Let’s take a closer look at these changes. In 2013, Alcoa (NYSE:AA), Bank of America (NYSE:BAC), and Hewlett-Packard (NYSE:HPQ) were replaced by Goldman Sachs (NYSE:GS), Nike (NYSE:NKE), and Visa (NYSE:V). Good timing. Since then, the latter three have done much better than the former three.

In 2015, AT&T (NYSE:T) was dropped from the DJI and replaced by Apple (NASDAQ:AAPL). That has been a real coup. Apple is up hugely during that time. (In fact, 25% of the entire increase in the last 10,000 point “rise” in the Dow was due to Apple alone!) This is a case, certainly, where the one being booted was likely to continue to just plod along, while Apple is the darling of the Dow and the S&P 500.

In 2018, General Electric (NYSE:GE) was dropped and replaced by Walgreens Boots Alliance (NASDAQ:WBA). I am no fan of the basket case that GE has become over the years (starting with success guru Jack Welch's making 600 acquisitions, shifting GE into emerging markets, and entering into untenable long-term care contracts.) Nonetheless, what makes Walgreen’s more representative than an industrial that has its fingers in so many pies?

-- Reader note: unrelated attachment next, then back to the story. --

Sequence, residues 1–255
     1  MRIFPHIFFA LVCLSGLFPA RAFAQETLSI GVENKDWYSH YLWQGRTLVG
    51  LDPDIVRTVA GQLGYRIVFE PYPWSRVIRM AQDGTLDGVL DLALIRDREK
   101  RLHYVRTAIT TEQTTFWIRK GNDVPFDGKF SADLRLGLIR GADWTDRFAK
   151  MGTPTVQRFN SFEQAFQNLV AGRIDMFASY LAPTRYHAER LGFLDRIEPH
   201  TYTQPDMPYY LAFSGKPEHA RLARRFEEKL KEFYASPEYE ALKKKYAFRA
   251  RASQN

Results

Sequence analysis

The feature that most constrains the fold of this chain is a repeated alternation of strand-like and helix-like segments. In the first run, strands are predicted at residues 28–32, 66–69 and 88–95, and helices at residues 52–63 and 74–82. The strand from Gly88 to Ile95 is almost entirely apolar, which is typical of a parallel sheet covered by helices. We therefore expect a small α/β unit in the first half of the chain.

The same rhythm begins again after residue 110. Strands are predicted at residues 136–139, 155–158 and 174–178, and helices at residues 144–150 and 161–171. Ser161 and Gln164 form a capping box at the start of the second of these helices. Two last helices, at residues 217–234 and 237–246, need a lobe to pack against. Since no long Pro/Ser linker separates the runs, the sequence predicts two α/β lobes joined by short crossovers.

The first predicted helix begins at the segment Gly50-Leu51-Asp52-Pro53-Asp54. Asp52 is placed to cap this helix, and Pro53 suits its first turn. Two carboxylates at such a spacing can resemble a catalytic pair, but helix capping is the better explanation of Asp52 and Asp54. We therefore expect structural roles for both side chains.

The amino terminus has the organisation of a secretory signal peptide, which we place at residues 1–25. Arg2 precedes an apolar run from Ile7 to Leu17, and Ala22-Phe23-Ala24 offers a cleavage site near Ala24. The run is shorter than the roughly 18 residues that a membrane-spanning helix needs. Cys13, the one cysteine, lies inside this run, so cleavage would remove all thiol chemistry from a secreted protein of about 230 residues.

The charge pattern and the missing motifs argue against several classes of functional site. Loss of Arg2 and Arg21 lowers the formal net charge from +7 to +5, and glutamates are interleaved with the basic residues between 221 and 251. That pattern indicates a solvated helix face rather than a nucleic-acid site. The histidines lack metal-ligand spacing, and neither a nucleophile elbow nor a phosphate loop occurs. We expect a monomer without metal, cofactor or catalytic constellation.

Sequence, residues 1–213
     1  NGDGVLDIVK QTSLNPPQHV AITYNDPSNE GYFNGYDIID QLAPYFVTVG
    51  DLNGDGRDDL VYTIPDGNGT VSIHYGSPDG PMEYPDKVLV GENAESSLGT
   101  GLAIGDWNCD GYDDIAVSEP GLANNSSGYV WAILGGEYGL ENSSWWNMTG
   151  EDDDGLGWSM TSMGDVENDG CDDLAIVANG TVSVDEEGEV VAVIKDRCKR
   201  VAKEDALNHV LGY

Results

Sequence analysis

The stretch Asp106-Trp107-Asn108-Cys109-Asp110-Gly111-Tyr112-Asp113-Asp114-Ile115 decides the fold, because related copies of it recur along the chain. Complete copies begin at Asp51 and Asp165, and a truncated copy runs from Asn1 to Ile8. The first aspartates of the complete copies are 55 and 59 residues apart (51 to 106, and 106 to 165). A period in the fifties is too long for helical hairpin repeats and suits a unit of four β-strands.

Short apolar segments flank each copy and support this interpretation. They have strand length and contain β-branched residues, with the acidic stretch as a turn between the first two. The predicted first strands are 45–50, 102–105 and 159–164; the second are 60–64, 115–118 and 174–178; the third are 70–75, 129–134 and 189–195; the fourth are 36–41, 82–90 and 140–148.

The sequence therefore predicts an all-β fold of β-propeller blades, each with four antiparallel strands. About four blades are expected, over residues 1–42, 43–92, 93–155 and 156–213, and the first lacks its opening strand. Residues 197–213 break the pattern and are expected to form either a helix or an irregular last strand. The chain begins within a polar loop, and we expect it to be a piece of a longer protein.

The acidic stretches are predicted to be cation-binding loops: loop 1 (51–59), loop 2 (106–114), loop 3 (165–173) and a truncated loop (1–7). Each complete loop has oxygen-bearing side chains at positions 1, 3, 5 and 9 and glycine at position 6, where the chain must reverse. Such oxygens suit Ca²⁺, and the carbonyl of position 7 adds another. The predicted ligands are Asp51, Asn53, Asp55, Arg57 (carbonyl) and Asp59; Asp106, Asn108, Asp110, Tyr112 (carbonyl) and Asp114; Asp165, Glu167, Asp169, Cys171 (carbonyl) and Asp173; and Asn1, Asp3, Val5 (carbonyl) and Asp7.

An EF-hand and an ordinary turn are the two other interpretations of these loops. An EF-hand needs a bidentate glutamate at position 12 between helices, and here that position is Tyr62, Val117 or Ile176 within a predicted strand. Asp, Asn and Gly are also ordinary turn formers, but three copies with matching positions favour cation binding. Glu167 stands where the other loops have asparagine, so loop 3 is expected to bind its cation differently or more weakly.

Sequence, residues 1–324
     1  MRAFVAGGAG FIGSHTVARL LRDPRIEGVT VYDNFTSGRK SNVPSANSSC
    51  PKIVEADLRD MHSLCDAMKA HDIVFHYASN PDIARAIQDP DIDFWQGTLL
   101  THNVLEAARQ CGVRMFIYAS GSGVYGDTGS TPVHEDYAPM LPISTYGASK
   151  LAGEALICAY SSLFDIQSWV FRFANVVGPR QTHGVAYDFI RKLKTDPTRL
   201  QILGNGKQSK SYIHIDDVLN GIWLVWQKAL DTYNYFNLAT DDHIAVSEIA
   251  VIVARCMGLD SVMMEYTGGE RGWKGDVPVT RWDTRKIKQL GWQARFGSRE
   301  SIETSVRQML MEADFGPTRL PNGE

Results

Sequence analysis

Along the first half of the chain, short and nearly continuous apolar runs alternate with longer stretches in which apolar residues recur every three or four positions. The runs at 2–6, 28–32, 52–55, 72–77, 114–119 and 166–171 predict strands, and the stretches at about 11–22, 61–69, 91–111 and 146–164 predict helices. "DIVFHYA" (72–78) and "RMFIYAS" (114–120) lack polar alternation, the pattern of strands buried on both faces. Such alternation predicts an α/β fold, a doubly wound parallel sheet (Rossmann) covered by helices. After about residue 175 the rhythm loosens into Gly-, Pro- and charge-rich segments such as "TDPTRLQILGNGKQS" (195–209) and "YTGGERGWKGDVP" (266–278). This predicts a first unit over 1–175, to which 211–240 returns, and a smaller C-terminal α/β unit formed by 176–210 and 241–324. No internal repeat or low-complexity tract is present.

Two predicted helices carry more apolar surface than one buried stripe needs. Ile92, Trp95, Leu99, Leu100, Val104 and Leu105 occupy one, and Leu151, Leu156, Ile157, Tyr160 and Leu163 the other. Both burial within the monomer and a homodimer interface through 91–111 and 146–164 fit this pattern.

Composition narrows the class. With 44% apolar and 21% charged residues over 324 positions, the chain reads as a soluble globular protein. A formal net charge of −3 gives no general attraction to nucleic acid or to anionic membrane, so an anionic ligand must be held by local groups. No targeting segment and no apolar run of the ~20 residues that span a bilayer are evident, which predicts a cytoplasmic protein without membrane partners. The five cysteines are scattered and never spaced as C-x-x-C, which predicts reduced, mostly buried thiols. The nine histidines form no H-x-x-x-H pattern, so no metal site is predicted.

In 2020, the committee booted out Exxon Mobil (NYSE:XOM), Pfizer (NYSE:PFE), and Raytheon Technologies (NYSE:RTX). It replaced this 10% of the total number of firms in the benchmark with Salesforce.com (NYSE:CRM), Amgen (NASDAQ:AMGN) and Honeywell (NYSE:HON).

One of the reasons given for this more recent change is the shrinking influence of Apple in the index after Apple’s stock split. The committee noted that the Dow needed more technology representation in its benchmark, so they selected Salesforce.com.

Really? Apple, Cisco (NASDAQ:CSCO), IBM (NYSE:IBM), Intel (NASDAQ:INTC) and Microsoft (NASDAQ:MSFT) already comprised just under 20% of the Dow even after the Apple split.

What does the Dow Jones committee say about this?

“The announced changes help offset that reduction [as a result of Apple’s split.] They also help diversify the index by removing overlap between companies of similar scope and adding new types of businesses that better reflect the American economy.” [Emphasis mine.]

Question here. What "new types of businesses"? Both Amgen and Pfizer are pharmaceutical firms and both Honeywell and Raytheon (NYSE:RTN) are aerospace and defense firms. Salesforce (NYSE:CRM) is tech. So much for new types of businesses.

It is true that times change and replacements need to be made. American Car and Foundry, Baldwin Locomotive, and American Woolen are no longer with us. Companies become bankrupt or are acquired by other bigger companies. This is not the problem.

Fresh Blood, Bigger Price Increases